Succession is over and with it the story of the Roy family. After watching the final episode of the four-season long TV series, I was stunned and drained. With millions of others, I had been following the fortunes of Logan Roy (played by Brian Cox), a Rupert Murdoch-like media magnate, and trying to guess who would eventually take over Waystar Royco.
The series was an emotional journey that followed characters played by a virtuoso cast, brilliantly scripted by Jesse Armstrong and masterfully directed by Michael Mylod. The super-rich, entitled characters seemed to have an almost real-life existence. It was not unusual to talk to other fans and have them ask questions like, “What do you think of Shiv telling Tom on their wedding night she wants an open marriage?”
The script tracks second generation Roys — Kendell (Jeremy Strong), Roman (Kiernan Culkin) and Siobhon (Sarah Snook), nicknamed “Shiv” — the offspring of Logan’s second marriage. Each episode had unexpected twists and revealed more about each sibling’s love-hate relationship with their odious dominating dad. Kendell believes Logan promised him that he’d be the successor; Roman had his moment, exploring a deal with GoJo run by Swedish entrepreneur Lukas Mattson (Alexander Skarsgard), and Shiv briefly was placed in charge of Waystar. Logan called his daughter “Pinky,” noting that of his five children, she was the last, his little finger.
Amstrong’s script introduced fans to dozens of others in the Roys’ orbit, including Shiv’s ambitious husband Tom (Matthew MacFadyen), obsequious cousin Greg (Nicolas Braun), and the gatekeepers at Waystar: Gerri (J. Smith-Cameron), Frank (Peter Friedman) and Karl (David Kasche).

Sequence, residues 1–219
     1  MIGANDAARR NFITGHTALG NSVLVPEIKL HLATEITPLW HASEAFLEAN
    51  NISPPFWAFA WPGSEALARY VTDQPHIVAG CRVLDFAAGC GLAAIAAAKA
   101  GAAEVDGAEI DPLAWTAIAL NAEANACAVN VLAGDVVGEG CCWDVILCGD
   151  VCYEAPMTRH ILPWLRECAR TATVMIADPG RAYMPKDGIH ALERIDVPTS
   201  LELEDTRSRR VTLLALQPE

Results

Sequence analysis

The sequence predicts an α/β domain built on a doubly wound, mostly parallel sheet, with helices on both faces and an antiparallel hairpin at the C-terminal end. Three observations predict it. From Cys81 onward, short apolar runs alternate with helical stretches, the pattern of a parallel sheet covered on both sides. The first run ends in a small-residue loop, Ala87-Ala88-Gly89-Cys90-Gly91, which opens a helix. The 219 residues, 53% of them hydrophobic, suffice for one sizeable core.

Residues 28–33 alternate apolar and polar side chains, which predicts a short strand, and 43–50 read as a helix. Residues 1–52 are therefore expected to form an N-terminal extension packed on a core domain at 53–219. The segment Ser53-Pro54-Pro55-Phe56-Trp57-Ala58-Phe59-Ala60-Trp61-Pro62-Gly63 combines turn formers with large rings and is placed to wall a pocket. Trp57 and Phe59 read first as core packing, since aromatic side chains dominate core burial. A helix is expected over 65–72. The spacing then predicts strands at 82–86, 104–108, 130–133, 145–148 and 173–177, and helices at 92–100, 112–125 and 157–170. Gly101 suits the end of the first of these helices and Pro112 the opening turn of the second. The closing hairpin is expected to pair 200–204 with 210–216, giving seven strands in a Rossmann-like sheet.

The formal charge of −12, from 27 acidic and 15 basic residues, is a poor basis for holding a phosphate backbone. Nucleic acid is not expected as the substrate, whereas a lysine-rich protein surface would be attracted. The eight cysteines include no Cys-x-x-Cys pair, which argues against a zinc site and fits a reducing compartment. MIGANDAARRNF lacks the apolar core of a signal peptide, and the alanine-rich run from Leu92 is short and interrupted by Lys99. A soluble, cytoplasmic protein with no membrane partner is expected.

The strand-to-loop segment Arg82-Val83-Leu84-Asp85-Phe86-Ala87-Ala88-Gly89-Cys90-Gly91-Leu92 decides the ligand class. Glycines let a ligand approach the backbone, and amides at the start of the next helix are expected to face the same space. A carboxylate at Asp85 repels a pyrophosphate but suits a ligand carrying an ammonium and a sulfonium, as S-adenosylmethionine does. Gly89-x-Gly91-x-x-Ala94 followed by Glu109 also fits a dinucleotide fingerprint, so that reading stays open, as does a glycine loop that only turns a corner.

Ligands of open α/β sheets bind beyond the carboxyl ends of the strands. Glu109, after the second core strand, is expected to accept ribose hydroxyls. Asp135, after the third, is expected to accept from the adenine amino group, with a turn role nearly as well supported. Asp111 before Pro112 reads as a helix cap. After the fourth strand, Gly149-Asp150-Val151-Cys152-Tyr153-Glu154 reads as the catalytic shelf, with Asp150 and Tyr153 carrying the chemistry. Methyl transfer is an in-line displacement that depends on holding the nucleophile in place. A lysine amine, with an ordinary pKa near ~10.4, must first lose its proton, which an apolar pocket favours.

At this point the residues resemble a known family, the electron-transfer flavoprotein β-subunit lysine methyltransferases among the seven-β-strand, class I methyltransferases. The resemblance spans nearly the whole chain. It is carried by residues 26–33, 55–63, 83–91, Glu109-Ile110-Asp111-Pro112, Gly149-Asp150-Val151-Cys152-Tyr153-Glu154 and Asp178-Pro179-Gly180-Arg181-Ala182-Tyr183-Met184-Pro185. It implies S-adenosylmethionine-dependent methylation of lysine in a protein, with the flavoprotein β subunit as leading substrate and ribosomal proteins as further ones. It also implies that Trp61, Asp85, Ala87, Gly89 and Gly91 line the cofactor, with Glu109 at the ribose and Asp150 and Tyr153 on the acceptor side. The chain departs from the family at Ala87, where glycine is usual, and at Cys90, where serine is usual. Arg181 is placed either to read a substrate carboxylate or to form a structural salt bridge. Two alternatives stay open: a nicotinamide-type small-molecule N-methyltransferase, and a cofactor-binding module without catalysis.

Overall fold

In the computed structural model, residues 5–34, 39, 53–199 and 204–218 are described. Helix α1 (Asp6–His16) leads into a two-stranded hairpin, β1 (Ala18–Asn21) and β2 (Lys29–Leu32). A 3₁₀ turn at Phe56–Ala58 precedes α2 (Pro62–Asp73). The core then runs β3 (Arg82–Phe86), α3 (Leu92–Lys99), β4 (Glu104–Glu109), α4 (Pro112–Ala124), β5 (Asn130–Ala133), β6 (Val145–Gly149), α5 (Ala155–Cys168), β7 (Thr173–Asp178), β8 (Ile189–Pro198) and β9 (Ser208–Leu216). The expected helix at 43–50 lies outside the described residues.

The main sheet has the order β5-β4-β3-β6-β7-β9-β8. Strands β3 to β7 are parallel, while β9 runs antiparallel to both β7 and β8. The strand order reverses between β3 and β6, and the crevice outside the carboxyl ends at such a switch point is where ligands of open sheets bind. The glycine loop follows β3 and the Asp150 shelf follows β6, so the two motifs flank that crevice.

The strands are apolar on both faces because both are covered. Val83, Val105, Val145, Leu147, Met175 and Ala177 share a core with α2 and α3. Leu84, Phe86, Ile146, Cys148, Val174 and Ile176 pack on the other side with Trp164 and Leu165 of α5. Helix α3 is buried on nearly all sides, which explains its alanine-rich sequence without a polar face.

Early in the fourth season (the third episode), the saga exploded with a devastating twist: Flying off to Sweden, Logan dies of a heart attack (you knew it was coming, but so soon?) The sudden death upped the ante over succession. As if it were reality, you could pick up prime news sources (New York Times, the Guardian) and read headlines about Succession’s impending outcome alongside the war in Ukraine, the battle over the U. S. deficit, and Trump’s latest legal peril.
Theories ran rampant. A few samples: Of course it would be Kendell and, midway through the final episode, the three sibs agreed Ken was “the one.” Or maybe it would be Roman, the son who loved Logan best. No, Shiv, true to her name, had knifed and outsmarted the boys. But, wait, it could it be second-banana Greg who had buddied up to Mattson; or then, surprise, maybe new flame Kerry is pregnant with Logan’s child. Worst of all: Could Logan not really be dead, only seemingly entombed in a pet-food mogul’s $5-million-dollar mausoleum?
As the series was coming to an end, critics cited Shakespeare’s influence on Armstrong’s story: King Lear fading into Hamlet, with shadowy MacBeth overtones. But there were more contemporary models: The Hearsts in “Citizen Kane.” More up to date is Rupert Murdock’s empire and its unresolved succession. Will it be Lachlan or could James and even Prudence return after the costly Dominion settlement?
Only in the final 20 minutes did fans learn Succession’s ultimate outcome: Tom Wambsgan, Shiv’s ever-hungry husband, takes over as American CEO, a subsidiary of Mattson’s GoJo. Victorious press conference and happy signing of papers follows. It’s a done deal. Turns out that there always was an ending, the clue from Tom Wambsgans’ last name. In 1920, Cleveland’s Bill “Wamby” Wambsganss hit an amazing unassisted triple in the World Series. The ending, according to producer Frank Rich, owes its resolution to sports.
The drama, so long in unfolding, ends by watching each sibling’s denouement: Roman romancing a martini; pregnant Shiv in the limo’s backseat extending a limp hand to Tom. Then comes the very last scene with Kendall walking through the waterfront park, followed by his father’s former bodyguard. In the dying light Ken settles on a bench staring at the bitter cold, roiling Hudson River just beyond the railing. The scene goes black.